A greyscale close-up of me, standing in front of a blank background. I am a white woman with short silver hair cropped closely on the sides. I am wearing dark metallic rimmed glasses with rhinestones on the side. I’m wearing silver hook earrings with flat beads and a plaid shirt.

Cait Gordon is an autistic, disabled, and queer Canadian writer of speculative fiction that celebrates diversity. She is the author of Life in the ’CosmThe Stealth Lovers, and the forthcoming Iris and the Crew Tear Through Space (2023). Cait also founded the Spoonie Authors Network and joined Talia C. Johnson to co-edit the multi-genre disability fiction anthologies Nothing Without Us and Nothing Without Us Too. 

Featured photo by Pixabay on

Cait Gordon

Masking: The Fine Art of Faking Being Neurotypical

I’m autistic.

You don’t know how freeing it is to write that. Every single time I do, I feel like a little more of that burden I’ve been carrying for decades is being lifted off my shoulders. I’m one of those cases (as happens to many autistic cisgender women) where I only discovered this last year at age 49. Yup, I went my whole life knowing that my brain operated in its own way; not much at all like my friends or teachers at school, nor my work colleagues as an adult. I had a unique way of perceiving my surroundings and often wondered why people didn’t get where I was coming from.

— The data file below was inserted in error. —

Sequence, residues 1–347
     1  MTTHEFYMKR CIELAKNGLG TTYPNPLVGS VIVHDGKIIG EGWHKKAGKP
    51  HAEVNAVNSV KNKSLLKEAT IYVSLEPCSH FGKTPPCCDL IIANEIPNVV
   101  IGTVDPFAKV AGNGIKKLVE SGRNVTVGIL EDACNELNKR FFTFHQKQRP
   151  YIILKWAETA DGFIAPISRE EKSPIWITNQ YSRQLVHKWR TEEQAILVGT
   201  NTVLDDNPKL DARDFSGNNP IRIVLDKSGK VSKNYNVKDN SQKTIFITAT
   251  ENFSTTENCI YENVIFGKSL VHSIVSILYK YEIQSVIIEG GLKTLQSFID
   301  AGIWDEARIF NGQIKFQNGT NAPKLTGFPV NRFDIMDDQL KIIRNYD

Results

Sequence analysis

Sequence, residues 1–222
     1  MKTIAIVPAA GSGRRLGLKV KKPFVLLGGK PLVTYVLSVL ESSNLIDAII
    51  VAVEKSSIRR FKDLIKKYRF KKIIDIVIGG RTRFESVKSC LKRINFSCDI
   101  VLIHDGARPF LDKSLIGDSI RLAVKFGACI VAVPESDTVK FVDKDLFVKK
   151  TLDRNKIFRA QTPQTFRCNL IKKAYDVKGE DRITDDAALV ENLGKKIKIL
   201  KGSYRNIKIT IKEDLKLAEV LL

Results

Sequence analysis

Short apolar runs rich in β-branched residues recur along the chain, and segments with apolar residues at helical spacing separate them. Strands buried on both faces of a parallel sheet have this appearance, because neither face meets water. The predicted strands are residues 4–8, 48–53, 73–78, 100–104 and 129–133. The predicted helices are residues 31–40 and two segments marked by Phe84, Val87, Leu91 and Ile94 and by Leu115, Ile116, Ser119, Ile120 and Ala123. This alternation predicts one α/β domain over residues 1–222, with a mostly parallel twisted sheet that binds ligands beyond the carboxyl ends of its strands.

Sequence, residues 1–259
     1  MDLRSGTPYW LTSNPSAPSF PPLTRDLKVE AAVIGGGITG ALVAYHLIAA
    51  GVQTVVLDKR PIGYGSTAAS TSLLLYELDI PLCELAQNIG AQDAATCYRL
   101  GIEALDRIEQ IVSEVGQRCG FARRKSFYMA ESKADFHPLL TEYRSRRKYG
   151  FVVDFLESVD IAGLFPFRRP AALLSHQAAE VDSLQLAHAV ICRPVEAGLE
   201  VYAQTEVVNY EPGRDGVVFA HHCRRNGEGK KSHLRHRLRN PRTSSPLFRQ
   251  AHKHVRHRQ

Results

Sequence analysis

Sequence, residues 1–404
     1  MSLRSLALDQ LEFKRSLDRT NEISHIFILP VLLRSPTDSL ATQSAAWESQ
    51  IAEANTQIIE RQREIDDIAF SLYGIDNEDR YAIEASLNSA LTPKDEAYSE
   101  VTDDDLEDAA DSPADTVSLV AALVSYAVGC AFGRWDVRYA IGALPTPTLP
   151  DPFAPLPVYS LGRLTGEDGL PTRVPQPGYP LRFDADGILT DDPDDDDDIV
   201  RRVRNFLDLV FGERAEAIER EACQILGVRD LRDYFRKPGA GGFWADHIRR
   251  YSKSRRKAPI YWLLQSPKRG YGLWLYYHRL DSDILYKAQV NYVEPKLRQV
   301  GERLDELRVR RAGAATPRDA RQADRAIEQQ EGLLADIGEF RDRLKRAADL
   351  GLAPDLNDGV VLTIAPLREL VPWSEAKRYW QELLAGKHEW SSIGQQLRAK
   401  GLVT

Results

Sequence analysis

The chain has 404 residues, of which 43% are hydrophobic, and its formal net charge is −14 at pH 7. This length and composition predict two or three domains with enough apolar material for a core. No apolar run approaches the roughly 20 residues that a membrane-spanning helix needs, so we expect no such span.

I was on the fringes in school—the misunderstood musician. I was loud and passionate (yay for being extroverted and neurodiverse), but I didn’t understand many social constructs. If social rules made no sense to me, I dismissed them. And I’m talking about ridiculous made-up things that cause the exclusion of others. I also rebelled on a religious level at age 15. (I am not really into the adulation of “human heroes”—I don’t care how famous they are. So, I never went to see the Pope in Montreal in the mid-80s. My Catholic parents were shocked, but they didn’t stop me.)

Sensory overload and the need to withdraw into quiet spaces has probably always been there with me. With the invention of the Sony Walkman™ back in the day, I found solace in listening to music, so I could focus on a singular, comforting sound. Even today, I rarely go outside without my headphones on. However, I’ve not worn them at crowded events. The onslaught of noise from cons, for example, can make me feel like someone is beating up my brain from the inside. Last year, I had to flee, in what felt like desperation, to a place of solitude in a less populated part of a hotel at a writers’ convention. I was shaking from The Overwhelm. It never occurred to me that I needed to upgrade to noise-cancelling headphones as an aid in sensory crises.

Cait Gordon
I need my space opera, but I also need a quiet space!